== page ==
Another guest post from a Canada Immigration Consultant, Mr. Earl Blaney. He talks about the changes set to affect Canada’s Live in Caregiver Program. Salary, compensation package, requirements, and benefits were also mentioned plus live-in caregiver program’s recruitment process and it’s relation to the new Express Entry System.
Changes Set to Affect Canada’s Live-in Caregiver Program Philippines
The Live in Caregiver Program (LCP), in its current form was introduced in 1992. The program is designed to provide access to caregivers for Canadian children, the disabled and elderly persons. The pay-off is decent earnings (an average of $ 10.50 per hour) and the ability to apply for Permanent Residency (PR) after 24 months of service (if earned in a 36 month period).
Filipinos have found it easy to qualify for the program and due to a combination of their training, caring disposition and language ability have been at the top of the demand list for individual Canadian employers. Approximately 70% of all caregivers entering Canada through this program are Filipino.
The program is so popular in the Philippines the Canadian embassy in Manila has been overrun with applications, this combined with the embassy’s increased administrative duties (now the added responsibility of handling applications from Japan and South Korea) has made processing times, and as a result the program itself, dysfunctional.
The current wait time for LCP processing via the Manila embassy stands at 39 months. This means that once an applicant is selected by an employer typically over three years pass from signing the work contract to the applicants ability to show up to work in Canada.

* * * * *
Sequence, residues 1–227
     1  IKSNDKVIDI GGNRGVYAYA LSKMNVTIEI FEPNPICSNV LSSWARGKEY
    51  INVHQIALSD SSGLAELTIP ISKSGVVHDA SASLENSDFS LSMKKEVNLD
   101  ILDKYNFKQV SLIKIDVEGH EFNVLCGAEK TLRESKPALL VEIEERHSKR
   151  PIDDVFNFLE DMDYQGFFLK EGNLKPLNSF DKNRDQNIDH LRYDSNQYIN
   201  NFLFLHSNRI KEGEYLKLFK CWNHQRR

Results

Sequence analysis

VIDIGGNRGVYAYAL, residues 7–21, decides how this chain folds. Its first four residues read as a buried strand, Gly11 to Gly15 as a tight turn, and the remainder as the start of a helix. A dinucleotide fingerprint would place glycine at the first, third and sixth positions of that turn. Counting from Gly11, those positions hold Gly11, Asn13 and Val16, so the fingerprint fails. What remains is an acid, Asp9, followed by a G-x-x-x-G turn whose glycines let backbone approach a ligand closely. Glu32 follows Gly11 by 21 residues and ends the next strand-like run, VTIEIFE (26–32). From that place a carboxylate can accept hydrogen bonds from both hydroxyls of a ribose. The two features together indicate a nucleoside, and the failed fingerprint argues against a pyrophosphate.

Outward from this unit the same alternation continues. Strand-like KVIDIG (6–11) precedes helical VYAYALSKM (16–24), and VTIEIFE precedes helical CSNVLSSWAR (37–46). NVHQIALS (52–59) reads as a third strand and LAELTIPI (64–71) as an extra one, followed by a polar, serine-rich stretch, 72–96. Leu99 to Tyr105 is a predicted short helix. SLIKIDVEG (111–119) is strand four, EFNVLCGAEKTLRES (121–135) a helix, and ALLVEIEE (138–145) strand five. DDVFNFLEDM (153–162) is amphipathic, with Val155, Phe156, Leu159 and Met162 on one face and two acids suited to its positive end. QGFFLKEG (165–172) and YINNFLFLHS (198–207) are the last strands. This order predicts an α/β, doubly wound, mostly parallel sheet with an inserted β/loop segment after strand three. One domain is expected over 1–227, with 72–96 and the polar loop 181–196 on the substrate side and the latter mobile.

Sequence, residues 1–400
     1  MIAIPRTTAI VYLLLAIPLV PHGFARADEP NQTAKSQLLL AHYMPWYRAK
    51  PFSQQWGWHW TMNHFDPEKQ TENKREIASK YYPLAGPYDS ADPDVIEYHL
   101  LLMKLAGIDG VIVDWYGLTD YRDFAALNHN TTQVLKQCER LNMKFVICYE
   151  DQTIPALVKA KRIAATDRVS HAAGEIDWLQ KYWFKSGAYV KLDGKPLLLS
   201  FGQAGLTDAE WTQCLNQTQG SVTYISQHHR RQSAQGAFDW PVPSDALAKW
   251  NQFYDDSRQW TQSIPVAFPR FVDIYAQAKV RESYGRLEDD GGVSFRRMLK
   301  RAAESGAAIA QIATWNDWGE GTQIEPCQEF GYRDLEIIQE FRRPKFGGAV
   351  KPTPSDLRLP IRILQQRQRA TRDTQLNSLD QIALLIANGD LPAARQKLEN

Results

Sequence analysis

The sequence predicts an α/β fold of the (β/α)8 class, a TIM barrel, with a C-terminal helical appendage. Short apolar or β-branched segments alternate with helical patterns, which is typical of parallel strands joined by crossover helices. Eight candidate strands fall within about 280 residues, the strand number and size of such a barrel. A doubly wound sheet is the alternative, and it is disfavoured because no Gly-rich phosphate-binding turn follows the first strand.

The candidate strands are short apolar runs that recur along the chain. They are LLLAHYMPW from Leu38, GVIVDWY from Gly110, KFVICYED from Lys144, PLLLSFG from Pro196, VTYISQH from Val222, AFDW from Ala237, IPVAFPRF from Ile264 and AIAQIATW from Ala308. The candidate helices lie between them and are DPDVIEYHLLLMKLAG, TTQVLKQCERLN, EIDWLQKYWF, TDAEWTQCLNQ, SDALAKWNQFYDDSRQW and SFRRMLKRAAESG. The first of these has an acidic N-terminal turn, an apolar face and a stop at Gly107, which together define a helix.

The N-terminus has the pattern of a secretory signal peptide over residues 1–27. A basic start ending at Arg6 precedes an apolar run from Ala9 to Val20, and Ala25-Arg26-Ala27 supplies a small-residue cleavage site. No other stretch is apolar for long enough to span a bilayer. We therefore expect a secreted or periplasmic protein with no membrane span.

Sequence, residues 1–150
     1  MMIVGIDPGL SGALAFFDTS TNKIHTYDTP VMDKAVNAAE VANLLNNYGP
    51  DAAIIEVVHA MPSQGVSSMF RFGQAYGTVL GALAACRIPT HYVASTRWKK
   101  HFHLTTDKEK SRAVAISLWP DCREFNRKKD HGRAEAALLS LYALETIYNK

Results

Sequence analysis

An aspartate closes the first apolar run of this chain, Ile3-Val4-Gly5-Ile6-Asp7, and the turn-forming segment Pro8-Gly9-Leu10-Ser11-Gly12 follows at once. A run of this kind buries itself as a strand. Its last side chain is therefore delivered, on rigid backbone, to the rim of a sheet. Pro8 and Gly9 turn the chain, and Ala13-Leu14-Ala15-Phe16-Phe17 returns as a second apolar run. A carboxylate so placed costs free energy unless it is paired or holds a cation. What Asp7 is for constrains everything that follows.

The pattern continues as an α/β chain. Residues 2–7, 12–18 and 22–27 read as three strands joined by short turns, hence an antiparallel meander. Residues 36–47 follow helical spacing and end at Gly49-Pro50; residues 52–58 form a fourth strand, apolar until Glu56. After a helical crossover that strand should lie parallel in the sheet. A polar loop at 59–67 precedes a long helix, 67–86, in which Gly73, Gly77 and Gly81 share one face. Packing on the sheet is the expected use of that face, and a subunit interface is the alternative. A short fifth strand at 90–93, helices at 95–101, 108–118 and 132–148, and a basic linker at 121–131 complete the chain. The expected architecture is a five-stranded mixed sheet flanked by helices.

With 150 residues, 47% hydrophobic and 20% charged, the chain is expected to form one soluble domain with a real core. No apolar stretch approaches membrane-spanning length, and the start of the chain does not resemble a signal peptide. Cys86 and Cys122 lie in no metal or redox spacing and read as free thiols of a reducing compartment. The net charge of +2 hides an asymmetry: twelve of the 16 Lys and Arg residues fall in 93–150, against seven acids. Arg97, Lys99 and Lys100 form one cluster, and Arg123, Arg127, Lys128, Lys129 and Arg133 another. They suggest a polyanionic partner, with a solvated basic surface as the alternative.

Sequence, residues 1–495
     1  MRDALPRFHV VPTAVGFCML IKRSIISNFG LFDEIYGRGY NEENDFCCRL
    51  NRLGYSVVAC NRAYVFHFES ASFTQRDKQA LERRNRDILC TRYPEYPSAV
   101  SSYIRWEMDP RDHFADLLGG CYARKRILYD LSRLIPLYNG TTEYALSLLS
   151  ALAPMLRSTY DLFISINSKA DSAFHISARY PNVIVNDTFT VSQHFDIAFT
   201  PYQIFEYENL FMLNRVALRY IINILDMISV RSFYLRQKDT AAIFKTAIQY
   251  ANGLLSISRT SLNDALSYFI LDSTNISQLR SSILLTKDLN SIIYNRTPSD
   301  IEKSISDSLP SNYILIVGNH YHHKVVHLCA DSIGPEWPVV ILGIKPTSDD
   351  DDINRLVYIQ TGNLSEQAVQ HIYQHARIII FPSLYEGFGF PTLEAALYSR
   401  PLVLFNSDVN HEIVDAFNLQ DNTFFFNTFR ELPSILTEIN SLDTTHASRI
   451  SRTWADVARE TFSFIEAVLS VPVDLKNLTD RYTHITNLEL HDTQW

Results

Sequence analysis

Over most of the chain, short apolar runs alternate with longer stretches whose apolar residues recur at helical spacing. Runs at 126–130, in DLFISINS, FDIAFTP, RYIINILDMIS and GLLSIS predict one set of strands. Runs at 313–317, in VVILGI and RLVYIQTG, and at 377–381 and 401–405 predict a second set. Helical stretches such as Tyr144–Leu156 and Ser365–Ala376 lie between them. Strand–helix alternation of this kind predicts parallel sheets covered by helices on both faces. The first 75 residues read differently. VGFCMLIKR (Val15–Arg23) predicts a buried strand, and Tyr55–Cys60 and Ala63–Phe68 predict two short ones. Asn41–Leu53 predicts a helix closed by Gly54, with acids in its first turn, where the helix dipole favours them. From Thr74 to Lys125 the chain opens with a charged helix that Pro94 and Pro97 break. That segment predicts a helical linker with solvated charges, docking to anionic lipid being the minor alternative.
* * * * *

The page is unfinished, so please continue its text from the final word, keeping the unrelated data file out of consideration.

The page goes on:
Obviously during that lengthy period most employers figure out an alternative care option, die or in the case of children enroll in school and the applicant is no longer needed. Time wasted, processing fees non-refundable.
Some placements continue to be made, despite the backlog, but the vast majority of these tend to be placements as “caregivers” to an “employer” who is actually a family member. In other words, a disguised family sponsorship scenario. Although there is currently no expressed prohibition against doing this, one is coming very soon.
Recently, Jason Kenney (Canada’s former immigration minister) has expressed dis-accord about this fact saying that the LCP has “mutated into a family re-unification program, which is not what it is intended for”, in his statement he mentions the Philippines being the biggest offender in this area. Bringing applicants to Canada to “work” for their own family is often disingenuous and it does not solve Canada’s acute need for caregivers. Expect the Manila embassy to reform their application review procedures accordingly.
Over the years, a multitude of “Caregiver Training Centres” have popped up in stride with the popularity of the program. POEA licensees are prohibited by law from charging their standard one month fee of worker wages for placing workers in Canada. To make up for this loss many such organizations have shifted their focus to developing training facilities or providing training programs, which provide the financial incentive to remain in the business of placing workers in Canada.